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Brandeis University's Community Newspaper — Waltham, Mass.

Bring in the noise, bring in the fun

Published: March 9, 2007
Section: Arts, Etc.

Last Wednesday at the Lizard Lounge in Cambridge, The Grownup Noise delighted the crowd with an hour of charming and propulsive rock and roll. The quartet brought its sunny melodies to the small basement venue, which seemed better suited to an emo-core throwdown or a subversive political meeting. From the jangly opener Grey Skies, to the whimsical closing number Vampire Love Song, the Noise thrilled the audience with expert musicianship and songcraft.

It is rare to see a show where every song holds its own distinct pleasure, but The Grownup Noise delivered just that. Though the band maintained a cohesive and recognizable sound, each tune added a new wrinkle. Nothing is Real, started out with a heavy, churning intro by guitarist/vocalist Paul Hansen and Bassist Adam Sankowski, but it concluded with a bright, soaring coda. Another highlight was the breezy Fairy Tale, a song with a vocal melody so catchy it could render choruses obsolete, and an elegant cello solo from cellist/keyboardist/cowbell enthusiast Katie Franich.

The balance between the groups various sonic elements was exceptional as well. The chemistry between Hansens guitar and Sankowskis bass kept the sound buoyant, and percussionist Kyle Crane gave the songs momentum and texture with his nimble drumming. While many groups force their drummer and bassist into the role of mere metronomes, The Grownup Noise manages to foreground the dexterity of its talented rhythm section. And even in the subterranean Lizard Lounge, the subtler strains of Franichs cello came through with perfect clarity.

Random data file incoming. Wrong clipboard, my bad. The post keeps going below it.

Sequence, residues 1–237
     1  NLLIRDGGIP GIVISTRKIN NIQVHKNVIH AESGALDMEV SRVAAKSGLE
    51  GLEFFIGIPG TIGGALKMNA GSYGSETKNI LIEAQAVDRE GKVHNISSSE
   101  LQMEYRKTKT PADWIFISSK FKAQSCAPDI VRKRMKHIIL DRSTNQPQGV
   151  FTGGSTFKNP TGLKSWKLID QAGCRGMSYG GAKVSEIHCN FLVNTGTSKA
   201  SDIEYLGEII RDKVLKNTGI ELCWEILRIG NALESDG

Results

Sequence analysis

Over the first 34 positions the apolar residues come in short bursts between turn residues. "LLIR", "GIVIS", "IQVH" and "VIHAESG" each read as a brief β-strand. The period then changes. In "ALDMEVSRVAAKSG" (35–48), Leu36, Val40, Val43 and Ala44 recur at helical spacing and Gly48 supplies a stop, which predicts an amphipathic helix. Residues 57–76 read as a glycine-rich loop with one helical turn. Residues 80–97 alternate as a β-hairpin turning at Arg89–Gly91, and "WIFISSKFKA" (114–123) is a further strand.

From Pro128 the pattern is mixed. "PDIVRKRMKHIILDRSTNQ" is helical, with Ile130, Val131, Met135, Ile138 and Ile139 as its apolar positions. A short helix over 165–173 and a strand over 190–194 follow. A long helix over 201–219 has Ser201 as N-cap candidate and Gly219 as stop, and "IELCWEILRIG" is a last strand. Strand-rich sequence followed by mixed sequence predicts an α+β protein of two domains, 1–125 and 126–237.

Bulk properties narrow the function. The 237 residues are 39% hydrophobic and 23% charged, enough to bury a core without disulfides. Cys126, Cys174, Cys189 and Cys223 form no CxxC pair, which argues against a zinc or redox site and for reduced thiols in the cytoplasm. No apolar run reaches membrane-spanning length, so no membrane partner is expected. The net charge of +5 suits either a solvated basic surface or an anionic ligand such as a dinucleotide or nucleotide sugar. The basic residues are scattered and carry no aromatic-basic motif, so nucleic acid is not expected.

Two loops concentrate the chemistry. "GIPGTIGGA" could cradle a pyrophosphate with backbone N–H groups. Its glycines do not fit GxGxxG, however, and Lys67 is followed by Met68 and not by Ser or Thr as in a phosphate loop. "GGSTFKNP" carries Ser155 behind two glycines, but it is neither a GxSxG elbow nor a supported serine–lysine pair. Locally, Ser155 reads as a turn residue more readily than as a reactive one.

This dynamic came through most clearly on new tune Gone is a Four Letter Word. The song transitioned smoothly from a slow burning beginning, to a raucous, jagged bridge, and into a delicate canonical refrain by Hansen, Sankowski, and Franich, before diving headlong into a cheerful, rocking conclusion.

The groups hour-long set passed in the blink of an eye. It comprised mostly original tunes, with the lone exception a Jimi Hendrix cover on which Hansen set aside his jazzy guitar sensibility and did a credible job shredding. Overall, though, the band leans towards the clever pop of Guster and Ben Folds, but with some of the gentle flourishes of The Decemberists and The Arcade Fire. After an hour with The Grownup Noise, their infectious songs will become the soundtrack for the romantic comedy you secretly imagine your life turning into.

You can catch The Grownup Noise headlining the Paradise Lounge in Boston on April 5th.